“Similar to Marc's response, we are somewhere in the middle,” Gandhi adds. “It's a mindset and skill that we really started to focus on a few years ago and one of the nice things about constantly working on new blank canvas projects is that we have been able to adapt and try different approaches, before adopting them holistically across our business.”

For those panellists who have successfully productised their engineering organisations, the focus now is on maximising the efficiency of their internal tools and pipelines, tuning processes and deploying further automation where possible. As Scruby notes, improvements in one area of a DevOps structure often naturally lead into another.

“Once you start with automating testing a bit to improve quality, it links within similar tools and skills to more automated deployment, then more automated integration, and then a second cycle with more efficient tooling once people have become familiar.”

Tooled up

This feeds into what is arguably one of the most important aspects of DevOps: An organisation’s choice of tools. The library of tools that DevOps professionals have access to is vast, much of it open source, and the variety of options available allows teams to customise their toolchains based on the specific details of their requirements.

The most popular software tends to be built to assist with automation and testing, largely because it’s so fundamental to the DevOps process. There was a wide spread of favourites among our panellists in this regard, including JUnit, NUnit, Cucumber, Jenkins and Selenium, demonstrating the sheer breadth of choices in this category.

Almost all of our panellists, however, were united in their use of cloud infrastructure for DevOps. In addition to a pair of on-site computer rooms, York makes heavy use of Microsoft Azure and its PaaS capabilities, which his devs tell him make it easier to automate their processes. McLean, meanwhile, uses the YAML pipelines offered by Azure DevOps, as well Terraform for automated infrastructure builds and Packer for creating machine images.

Pell also uses pipelines in Azure DevOps for the actual automation aspect of TempCover’s releasing, although he notes that the company does still have a few legacy on-premise CI/CD systems that it’s yet to port over. This will be a priority for 2021, he says, as it represents a large proportion of the company’s remaining on-prem estate and will prove to be an efficiency gain and cost saving once the migration is complete.

SmartDebit is the main outlier in this case; the company is mostly based on-premise, and uses Nutanix’s private cloud technology (which Scruby describes as “expensive but less effort than OpenStack”) to deliver its applications. This naturally has an impact on which tools are most appropriate, but SmartDebit’s situation isn’t all that unusual.

“We used to run on a private cloud but transitioned to the [public] cloud a year and a half ago,” explains Simons. “We primarily started with IaaS but are moving higher in the stack, with some managed services on the data side and data storage. Similar to Manila, we use Packer for images and use Terraform for all our infrastructure-as-code. In our DevOps journey, this was actually a key enabler; giving all teams their own ‘team environment’. To keep the costs down, we scale it up in the morning and destroy it at night.”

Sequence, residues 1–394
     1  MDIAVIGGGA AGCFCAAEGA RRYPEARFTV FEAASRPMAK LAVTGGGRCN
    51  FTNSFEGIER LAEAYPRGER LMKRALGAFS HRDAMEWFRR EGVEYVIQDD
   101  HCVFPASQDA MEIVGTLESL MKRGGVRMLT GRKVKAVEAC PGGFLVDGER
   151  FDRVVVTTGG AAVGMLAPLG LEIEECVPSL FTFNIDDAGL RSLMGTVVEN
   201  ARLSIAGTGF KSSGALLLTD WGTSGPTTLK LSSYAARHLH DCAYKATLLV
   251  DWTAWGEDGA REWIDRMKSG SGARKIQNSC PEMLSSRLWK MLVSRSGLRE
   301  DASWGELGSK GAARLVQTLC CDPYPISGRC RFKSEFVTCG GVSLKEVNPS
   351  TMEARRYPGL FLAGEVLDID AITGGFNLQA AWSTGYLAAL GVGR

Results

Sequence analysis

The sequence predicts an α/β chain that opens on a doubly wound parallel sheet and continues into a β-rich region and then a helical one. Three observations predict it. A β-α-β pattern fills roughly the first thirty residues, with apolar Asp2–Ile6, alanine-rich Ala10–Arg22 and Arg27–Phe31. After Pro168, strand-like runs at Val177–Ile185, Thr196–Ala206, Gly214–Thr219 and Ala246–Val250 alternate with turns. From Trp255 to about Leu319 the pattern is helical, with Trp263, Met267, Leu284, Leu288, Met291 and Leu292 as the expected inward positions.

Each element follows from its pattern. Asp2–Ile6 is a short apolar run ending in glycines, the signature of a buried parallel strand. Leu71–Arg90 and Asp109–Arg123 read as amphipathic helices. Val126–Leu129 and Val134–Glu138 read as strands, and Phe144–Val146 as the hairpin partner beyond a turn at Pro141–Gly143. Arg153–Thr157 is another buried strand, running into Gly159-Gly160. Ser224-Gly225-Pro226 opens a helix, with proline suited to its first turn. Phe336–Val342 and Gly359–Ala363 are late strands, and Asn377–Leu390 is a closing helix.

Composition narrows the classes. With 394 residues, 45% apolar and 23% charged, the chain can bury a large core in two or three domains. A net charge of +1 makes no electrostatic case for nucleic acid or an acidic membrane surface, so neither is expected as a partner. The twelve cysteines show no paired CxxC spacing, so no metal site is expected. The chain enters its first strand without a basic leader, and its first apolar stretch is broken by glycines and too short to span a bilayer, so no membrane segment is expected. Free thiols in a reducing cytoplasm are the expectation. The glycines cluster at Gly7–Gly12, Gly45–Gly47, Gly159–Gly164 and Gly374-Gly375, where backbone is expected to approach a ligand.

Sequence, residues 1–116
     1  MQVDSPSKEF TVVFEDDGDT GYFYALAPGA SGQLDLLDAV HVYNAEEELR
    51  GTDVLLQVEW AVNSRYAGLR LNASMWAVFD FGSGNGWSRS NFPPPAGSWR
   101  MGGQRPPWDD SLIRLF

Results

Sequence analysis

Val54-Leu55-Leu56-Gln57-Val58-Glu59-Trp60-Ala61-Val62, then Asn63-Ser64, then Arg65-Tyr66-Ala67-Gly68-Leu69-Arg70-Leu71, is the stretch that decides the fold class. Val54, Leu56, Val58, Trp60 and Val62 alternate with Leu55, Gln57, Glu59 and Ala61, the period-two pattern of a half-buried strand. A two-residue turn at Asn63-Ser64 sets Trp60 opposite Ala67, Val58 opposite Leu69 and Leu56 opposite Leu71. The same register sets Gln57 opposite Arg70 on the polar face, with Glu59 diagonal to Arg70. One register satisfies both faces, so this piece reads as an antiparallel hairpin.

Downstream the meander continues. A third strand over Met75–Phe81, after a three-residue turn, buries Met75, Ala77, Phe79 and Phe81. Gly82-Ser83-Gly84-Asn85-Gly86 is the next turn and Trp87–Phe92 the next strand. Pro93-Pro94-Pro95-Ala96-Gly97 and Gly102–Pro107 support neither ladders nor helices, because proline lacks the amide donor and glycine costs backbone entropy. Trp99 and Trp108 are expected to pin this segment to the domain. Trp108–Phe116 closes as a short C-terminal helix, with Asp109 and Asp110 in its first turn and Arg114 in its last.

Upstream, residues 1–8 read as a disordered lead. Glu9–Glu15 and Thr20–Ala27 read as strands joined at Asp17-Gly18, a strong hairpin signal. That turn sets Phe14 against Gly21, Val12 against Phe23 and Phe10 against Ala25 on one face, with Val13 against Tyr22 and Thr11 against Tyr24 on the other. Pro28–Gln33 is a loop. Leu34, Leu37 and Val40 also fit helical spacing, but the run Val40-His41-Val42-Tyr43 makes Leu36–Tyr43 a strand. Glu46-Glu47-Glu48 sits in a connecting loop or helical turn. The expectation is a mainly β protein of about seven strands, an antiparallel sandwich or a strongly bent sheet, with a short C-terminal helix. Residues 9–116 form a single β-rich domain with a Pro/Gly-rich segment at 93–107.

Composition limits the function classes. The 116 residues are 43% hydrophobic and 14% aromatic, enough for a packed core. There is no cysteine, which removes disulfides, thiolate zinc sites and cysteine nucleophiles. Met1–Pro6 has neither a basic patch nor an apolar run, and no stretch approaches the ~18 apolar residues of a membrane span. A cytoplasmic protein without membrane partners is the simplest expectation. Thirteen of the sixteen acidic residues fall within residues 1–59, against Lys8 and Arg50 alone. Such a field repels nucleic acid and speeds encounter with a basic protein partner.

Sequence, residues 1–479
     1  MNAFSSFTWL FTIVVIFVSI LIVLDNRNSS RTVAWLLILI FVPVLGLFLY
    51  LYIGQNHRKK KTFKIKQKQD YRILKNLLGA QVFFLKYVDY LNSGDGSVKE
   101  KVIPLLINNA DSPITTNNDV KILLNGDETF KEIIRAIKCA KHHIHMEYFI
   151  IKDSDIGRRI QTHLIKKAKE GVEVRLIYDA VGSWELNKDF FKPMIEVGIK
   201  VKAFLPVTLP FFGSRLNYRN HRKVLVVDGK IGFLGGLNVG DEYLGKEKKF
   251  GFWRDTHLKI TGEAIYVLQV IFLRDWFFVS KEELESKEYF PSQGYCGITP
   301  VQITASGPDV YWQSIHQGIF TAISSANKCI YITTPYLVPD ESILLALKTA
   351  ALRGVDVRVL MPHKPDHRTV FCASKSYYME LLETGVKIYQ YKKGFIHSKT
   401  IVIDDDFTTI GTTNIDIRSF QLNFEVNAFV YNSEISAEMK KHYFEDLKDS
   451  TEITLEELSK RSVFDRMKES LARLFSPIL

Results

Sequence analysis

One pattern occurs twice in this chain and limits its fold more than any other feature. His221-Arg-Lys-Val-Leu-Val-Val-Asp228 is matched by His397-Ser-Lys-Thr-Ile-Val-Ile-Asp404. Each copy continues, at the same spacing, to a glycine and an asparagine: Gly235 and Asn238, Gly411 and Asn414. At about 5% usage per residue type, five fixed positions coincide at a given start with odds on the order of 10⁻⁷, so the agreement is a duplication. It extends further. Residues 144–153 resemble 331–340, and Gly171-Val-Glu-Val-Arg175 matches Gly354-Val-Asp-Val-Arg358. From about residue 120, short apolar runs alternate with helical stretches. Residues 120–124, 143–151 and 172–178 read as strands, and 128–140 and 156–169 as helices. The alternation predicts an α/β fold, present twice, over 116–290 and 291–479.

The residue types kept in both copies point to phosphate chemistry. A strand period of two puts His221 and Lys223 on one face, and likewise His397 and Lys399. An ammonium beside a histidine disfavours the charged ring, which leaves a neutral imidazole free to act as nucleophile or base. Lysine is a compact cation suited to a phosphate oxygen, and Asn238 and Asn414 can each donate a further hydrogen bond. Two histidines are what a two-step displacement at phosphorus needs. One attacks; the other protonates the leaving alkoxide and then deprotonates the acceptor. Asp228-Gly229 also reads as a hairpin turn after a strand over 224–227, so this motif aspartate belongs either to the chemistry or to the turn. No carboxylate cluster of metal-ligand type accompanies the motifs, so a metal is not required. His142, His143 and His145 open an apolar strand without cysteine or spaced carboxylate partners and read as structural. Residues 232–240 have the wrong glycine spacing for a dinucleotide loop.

It’s easy to see, then, that cloud technologies like PaaS and IaaS are a natural fit for DevOps toolchains, but there was a little less consensus around the necessity of container technology. Kubernetes, in particular, was identified as a framework with significant potential for enabling DevOps, but it’s not without its drawbacks.

For McLean, Kubernetes allows her organisation to develop, deploy and scale their applications faster, with greater predictability, but others noted that the value proposition isn’t as straightforward as something like cloud infrastructure. Gandhi points out that cloud platform tools like AWS ECS can often be used to accomplish the same goal, while Scruby adds that additional systems such as general virtualisation, load balancing and distributed storage may already be delivering many of the benefits of containerisation.

“There isn't the same step in advantage from virtual machines to containers as there was from tin to virtual machines,” Scruby explains. “VMs are, in essence, just flabby containers, so can do most of the job. Changing a whole infrastructure to something that provides an incremental advantage is a hard sell to a board, especially when public clouds often have their own serverless technologies to promote as well.”

“Exactly,” Gandhi adds; “I think migrating a large scale existing infrastructure is much harder compared to when you're kicking off a new blank canvas build. Hence, I completely agree that it just takes time and if the incremental benefit isn't in line with the effort, it's difficult to prioritise.”

Priority transmission

This highlights one of the principal challenges identified by our panellists in relation to DevOps, which is the issue of prioritisation. For many of them, it’s been difficult to balance working on elements of their DevOps platform – such as CI/CD pipelines or automation tooling – with keeping the lights on and performing normal business tasks.